In A Nutshell
Everybody knows John F. Kennedy was assassinated in Dallas, Texas in 1963. Two bullets from a book depository window, and Lee Harvey Oswald changed world history. However, this wasn’t the first time an assassin decided to kill JFK. In 1960, a disgruntled New Hampshire man decided to pack up his belongings, take off in his Buick, and blow up the 35th President of the United States.
The Whole Bushel
Richard Pavlick seemed like your ordinary curmudgeon, a cantankerous old grump who rambled about politics. When the 73-year-old New Hampshirite wasn’t ranting about the government at town meetings, he was writing long-winded letters to politicians and newspapers, voicing his complaints about the state of the nation. However, there was a lot more to this Belmont postal worker than a cranky attitude. Pavlick hated Catholics, and he hated one in particular, President-Elect John F. Kennedy. And not only was he a Catholic, Pavlick believed Kennedy bought the 1960 presidential election with his family’s fortune. Hoping to save the country from papal domination and elitist machinations, Pavlick decided “to teach the United States the presidency is not for sale.”
After donating his ramshackle cabin to a youth group, Pavlick packed his possessions into his 1950 Buick and set off to stalk JFK. His plan was eerily simple. He’d follow the future president across the United States, pick the perfect spot and blow Kennedy up with a car full of dynamite. When the time was right, he’d pack his Buick with explosives and ram Kennedy’s vehicle, taking out JFK . . . and himself. Pavlick was a suicide bomber before it was fashionable.
However, Pavlick wasn’t exactly the sharpest tool in the proverbial shed. Feeling the need to bellow and bluster, the old man sent postcards to Thomas Murphy, the postmaster in his hometown of Belmont. And when Murphy started getting Pavlick’s little notes, he knew something was wrong. There was something unsettling about the septuagenarian’s choice of words, especially his claim that soon everyone back in Belmont would hear from him in a “big way.” After a few more postcards, Murphy began noticing something even more disturbing. The postcards were always mailed from the same cities that JFK happened to be visiting. Not just one or two, but all of them.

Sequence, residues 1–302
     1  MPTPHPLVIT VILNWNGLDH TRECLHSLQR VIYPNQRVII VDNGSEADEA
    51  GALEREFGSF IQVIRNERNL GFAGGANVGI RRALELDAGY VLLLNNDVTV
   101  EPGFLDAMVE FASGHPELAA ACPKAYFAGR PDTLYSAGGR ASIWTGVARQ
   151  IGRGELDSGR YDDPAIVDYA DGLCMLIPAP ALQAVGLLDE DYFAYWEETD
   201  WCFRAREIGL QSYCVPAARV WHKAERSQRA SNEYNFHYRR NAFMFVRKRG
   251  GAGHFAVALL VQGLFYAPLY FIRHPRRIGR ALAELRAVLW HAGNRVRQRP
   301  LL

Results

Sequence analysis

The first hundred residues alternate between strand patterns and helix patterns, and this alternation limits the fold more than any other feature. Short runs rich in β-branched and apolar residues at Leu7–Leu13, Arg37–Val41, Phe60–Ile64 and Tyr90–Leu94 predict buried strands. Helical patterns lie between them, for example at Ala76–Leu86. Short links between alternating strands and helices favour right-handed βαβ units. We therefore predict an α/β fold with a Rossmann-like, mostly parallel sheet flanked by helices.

Pavlick was literally chasing Kennedy across the country. He followed him from St. Louis to San Diego, from Hyannis Port to Georgetown. Like an elderly version of Travis Bickle, Pavlick lurked in crowds wherever Kennedy spoke, just a few feet away from the President-Elect. He sat outside JFK’s home and took photographs and staked out Kennedy’s church in Palm Beach, Florida while Kennedy was in the building. Perhaps fancying himself some sort of criminal mastermind, Pavlick even slept in a Palm Beach motel that was just a literal stone’s throw away from where Kennedy’s Secret Service agents were staying.
Things finally came to a head on December 11, 1960 in Palm Beach. The Kennedys were on vacation, it was a Sunday morning, and JFK decided to attend Mass. As he got dressed, Pavlick waited outside his house, his car loaded with about 10 sticks of dynamite. In one hand, he held the steering wheel, and in the other, a detonator. Once Kennedy pulled out of the driveway in his fancy limo, the aging assassin would put the pedal to the metal and send the president-elect to the White House in the sky. However, the plan never got that far. As Kennedy walked outside, Jackie and their two kids (Caroline and John Jr.) followed along. They just wanted to say goodbye, but this simple gesture saved JFK’s life. Pavlick hated Kennedy, but he didn’t want to hurt his family. The old man decided to call it a day and let the limo drive away.
Even though he had a soft spot for women and children, Pavlick still planned to kill Kennedy, but he never got the chance. Increasingly alarmed by Pavlick’s postcards, Thomas Murphy somehow learned his creepy pen pal had purchased dynamite. Fearful for Kennedy’s life, Murphy alerted the Secret Service, who in turn warned the Palm Beach police. Thankfully, an eagle-eyed officer spotted Pavlick’s Buick, and the old man was swarmed by cops. However, the would-be murderer never stood trial for his crazy scheme. Proven to be insane, Pavlick was institutionalized for five years and spent his time writing angry letters. When he was finally released, he published an autobiography and spent his remaining days stalking Thomas Murphy, the man who turned him in. Fortunately, he never built another bomb, and Pavlick died in 1975, probably still rambling about the government.